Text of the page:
Every day we're asked hundreds of questions from car buyers and owners through Ask Honest John. Our team of experts, including the nation's favourite motoring agony uncle - Honest John himself - answer queries and conudrums ranging from what car to buy to how to care for it as an owner. If you could do with a spot of friendly advice before buying you're next car, get in touch and we'll do what we can to help.

Ask HJ

My BMW is being recalled and the replacement car isn't a suitable replacement - what do you advise I do?

My diesel BMW 5 Series Touring has a recall. When booking I was told (verbally) that the replacement part was in stock and that an X2 was available for loan - so I could load my fishing tackle. On taking the car in I have been informed that it could be 8 weeks as the part is not in stock and then I learn the loan car is not an X2, is not suitable for purpose and only available for one day. Then I find out that the rental will be provided if the part needs replacement but there is no choice with the vehicle. This means I might not be able to go fishing for up to two months. I really feel for the poor chap who had to deal with me because this seems to be a major issue. However, BMW is failing big time and letting their dealers down. Hearing about the dealer’s problems does not help, although I can sympathise. I could sign a disclaimer and have my car but suspect my insurance would become invalid. Apart from my confidence in BMW taking a massive hit, do you have any advice to offer? Of course, if my EGR is found to be okay, the problem goes away.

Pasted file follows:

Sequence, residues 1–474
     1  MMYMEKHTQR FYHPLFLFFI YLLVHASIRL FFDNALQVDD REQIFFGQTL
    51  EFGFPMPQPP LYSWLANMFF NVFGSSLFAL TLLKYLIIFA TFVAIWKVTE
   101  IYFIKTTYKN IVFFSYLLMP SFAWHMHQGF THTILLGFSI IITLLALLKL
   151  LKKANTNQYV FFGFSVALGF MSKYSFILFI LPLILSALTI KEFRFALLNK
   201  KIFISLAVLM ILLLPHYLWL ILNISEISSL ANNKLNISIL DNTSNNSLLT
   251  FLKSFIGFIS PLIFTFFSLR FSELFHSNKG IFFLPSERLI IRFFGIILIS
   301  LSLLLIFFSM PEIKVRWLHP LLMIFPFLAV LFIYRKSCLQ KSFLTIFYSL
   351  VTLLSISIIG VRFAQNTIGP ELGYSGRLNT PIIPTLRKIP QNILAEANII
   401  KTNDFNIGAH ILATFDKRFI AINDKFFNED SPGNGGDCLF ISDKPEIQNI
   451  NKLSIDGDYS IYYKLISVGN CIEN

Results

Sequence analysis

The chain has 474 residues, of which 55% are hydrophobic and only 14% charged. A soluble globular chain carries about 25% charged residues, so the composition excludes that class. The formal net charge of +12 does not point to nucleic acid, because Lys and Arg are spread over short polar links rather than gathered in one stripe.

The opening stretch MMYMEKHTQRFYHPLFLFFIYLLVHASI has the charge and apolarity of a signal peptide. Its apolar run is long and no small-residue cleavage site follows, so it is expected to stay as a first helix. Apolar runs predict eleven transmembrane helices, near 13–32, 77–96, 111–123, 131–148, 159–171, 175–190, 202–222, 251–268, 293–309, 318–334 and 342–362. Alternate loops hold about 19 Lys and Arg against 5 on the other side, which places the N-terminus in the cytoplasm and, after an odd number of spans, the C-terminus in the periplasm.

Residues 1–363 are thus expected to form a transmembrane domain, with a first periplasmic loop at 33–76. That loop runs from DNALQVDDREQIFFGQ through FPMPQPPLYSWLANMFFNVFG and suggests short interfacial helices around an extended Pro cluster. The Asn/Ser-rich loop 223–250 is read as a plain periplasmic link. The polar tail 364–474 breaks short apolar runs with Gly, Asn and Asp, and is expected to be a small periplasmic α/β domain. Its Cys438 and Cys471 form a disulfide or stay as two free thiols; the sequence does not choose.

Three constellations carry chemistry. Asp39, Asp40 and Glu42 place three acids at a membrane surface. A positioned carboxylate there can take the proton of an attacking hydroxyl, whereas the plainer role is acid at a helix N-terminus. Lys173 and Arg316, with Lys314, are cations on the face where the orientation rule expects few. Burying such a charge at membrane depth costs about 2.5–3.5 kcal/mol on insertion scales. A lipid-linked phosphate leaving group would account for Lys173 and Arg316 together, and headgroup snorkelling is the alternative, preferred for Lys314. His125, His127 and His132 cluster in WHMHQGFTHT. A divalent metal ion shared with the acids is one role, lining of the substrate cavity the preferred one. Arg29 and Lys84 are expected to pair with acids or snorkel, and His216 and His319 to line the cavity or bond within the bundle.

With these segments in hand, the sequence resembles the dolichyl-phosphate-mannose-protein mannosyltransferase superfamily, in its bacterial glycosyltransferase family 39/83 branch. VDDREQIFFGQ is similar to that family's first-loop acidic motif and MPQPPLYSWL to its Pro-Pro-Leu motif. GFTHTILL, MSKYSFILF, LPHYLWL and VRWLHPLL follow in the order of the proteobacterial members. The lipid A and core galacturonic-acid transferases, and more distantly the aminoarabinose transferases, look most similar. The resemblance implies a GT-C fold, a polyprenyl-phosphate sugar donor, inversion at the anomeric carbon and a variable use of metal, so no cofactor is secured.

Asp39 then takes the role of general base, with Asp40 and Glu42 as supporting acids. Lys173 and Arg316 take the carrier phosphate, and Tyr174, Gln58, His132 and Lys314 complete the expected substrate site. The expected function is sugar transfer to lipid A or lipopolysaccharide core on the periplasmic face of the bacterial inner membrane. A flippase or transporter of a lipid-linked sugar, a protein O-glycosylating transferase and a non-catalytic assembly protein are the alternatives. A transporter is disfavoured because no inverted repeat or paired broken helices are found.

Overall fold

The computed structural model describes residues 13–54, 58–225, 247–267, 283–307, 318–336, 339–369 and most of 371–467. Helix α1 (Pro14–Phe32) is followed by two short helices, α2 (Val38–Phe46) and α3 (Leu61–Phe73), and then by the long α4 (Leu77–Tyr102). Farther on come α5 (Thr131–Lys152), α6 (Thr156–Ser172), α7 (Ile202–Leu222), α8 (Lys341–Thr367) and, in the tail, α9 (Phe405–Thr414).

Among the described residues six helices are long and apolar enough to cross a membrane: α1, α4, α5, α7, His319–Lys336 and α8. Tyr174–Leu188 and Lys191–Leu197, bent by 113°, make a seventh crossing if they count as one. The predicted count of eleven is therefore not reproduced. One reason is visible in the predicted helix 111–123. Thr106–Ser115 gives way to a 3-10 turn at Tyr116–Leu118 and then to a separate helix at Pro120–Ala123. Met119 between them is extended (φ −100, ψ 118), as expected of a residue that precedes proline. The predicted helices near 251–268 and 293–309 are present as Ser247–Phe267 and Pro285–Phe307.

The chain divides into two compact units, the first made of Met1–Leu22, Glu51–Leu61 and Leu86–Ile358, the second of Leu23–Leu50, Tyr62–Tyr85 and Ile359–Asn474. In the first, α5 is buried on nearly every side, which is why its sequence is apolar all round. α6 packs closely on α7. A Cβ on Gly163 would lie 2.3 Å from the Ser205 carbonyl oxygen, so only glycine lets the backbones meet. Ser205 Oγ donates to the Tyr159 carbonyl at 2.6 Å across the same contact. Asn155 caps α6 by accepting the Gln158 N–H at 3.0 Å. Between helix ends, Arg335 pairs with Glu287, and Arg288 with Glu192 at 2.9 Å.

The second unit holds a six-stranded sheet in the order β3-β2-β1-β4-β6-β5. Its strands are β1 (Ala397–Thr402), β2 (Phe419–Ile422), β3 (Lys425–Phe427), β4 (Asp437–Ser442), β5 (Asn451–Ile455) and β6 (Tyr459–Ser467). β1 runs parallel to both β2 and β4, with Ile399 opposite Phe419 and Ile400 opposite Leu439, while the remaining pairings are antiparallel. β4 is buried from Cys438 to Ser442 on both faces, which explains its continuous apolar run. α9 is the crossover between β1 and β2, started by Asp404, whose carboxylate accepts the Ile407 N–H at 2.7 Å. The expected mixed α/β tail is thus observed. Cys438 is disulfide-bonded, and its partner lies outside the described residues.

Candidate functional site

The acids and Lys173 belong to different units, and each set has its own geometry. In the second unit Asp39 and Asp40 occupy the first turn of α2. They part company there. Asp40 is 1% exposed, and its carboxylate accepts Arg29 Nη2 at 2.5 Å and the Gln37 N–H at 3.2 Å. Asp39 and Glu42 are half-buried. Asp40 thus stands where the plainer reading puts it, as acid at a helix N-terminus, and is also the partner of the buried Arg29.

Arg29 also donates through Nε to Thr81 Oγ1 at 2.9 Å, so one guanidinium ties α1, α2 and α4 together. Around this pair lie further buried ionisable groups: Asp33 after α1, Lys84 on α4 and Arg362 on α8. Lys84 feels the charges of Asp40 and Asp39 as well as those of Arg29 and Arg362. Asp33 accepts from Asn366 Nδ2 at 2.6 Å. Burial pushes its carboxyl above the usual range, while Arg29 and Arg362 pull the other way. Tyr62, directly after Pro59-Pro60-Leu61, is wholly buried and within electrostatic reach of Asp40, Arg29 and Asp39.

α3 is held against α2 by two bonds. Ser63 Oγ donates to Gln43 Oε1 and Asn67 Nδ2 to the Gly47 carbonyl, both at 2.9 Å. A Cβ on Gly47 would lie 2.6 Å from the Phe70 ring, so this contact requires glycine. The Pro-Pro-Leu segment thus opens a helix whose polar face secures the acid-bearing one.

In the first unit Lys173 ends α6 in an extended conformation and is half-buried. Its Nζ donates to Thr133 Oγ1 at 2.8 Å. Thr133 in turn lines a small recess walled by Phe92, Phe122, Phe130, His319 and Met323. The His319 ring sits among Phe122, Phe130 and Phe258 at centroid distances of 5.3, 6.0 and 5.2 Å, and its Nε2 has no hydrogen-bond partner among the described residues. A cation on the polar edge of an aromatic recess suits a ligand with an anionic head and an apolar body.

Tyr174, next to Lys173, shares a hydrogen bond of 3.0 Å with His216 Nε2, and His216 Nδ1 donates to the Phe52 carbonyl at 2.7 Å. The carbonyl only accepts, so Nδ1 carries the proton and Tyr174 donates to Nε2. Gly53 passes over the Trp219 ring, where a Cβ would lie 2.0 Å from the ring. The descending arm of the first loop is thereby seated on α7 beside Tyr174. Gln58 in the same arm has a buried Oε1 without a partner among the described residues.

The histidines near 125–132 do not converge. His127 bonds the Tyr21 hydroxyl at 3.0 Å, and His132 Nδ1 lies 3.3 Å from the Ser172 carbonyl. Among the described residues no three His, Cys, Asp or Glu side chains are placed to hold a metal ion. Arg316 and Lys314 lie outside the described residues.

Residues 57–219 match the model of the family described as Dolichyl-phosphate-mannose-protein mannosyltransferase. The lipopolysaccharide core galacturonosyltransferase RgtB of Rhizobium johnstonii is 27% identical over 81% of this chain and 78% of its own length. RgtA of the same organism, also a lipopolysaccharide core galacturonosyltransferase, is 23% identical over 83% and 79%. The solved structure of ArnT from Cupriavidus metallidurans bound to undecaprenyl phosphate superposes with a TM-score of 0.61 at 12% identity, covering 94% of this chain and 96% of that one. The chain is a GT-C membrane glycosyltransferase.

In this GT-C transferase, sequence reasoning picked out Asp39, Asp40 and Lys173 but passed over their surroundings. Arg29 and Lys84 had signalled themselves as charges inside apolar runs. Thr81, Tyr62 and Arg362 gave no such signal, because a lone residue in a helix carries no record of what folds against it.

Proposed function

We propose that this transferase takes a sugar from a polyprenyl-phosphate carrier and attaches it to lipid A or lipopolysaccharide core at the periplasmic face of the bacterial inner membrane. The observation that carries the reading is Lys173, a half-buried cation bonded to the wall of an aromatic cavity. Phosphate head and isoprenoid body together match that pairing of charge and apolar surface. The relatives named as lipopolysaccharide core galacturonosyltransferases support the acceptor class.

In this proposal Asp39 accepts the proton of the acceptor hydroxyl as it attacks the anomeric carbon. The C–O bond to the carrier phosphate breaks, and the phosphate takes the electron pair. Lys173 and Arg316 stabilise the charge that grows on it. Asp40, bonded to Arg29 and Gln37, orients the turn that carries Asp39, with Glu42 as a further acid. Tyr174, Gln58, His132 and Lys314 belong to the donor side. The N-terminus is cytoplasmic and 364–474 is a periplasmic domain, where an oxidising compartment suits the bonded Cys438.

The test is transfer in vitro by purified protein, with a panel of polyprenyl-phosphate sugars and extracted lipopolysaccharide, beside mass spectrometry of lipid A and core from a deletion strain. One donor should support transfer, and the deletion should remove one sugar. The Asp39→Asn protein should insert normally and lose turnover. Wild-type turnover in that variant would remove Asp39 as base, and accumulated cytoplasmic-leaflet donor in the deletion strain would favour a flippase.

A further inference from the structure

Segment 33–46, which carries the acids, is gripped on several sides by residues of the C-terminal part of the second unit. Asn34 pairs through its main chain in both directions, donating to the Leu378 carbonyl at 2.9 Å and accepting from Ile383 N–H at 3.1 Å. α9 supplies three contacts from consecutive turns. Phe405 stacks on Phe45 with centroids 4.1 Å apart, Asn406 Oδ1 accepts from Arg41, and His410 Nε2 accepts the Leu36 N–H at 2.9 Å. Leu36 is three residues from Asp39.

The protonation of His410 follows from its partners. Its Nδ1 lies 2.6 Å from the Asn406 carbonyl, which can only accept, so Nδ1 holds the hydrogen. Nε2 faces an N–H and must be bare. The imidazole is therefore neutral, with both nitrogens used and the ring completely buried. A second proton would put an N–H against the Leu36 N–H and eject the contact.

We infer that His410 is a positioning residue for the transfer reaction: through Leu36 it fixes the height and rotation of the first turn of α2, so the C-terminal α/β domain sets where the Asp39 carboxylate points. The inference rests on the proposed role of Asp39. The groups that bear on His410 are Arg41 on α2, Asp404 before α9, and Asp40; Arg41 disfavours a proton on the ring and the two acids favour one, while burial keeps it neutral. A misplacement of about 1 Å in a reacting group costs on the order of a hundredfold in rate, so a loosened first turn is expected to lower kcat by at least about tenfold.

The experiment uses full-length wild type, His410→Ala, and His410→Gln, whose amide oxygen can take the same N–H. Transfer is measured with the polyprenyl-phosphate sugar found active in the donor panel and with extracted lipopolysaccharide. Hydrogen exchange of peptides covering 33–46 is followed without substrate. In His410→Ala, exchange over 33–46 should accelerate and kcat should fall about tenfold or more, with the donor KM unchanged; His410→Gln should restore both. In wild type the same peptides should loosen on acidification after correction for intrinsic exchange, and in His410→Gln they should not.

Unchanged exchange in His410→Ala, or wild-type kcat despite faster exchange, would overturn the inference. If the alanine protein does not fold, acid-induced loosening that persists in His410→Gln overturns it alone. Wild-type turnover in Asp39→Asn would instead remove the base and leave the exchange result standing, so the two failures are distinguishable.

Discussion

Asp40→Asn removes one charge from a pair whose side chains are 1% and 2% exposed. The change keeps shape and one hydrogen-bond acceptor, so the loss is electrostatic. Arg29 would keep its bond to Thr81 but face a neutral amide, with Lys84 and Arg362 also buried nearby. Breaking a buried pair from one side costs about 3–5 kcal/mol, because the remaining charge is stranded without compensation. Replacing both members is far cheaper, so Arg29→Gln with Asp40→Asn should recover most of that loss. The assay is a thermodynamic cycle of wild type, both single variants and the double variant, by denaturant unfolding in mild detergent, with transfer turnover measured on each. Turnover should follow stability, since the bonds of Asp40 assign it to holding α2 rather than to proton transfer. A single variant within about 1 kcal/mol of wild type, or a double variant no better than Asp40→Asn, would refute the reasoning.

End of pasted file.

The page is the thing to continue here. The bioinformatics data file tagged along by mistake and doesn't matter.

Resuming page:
165,000 people are in the same boat and BMW is doing what it can to manage the situation. Some new EGR coolers are coming through and being fitted. The problem is having to suddenly remanufacture the numbers needed in the shortest possible time and put owners into courtesy or hire cars for the duration of the wait. I guess if you wanted to get stroppy you could tell the dealer you were hiring your own suitable car and then bill the dealer for it, following up with Small Claims if it failed to pay. But it'd be better if you tried to find a compromise. I would not continue to drive your car.
Answered by Honest John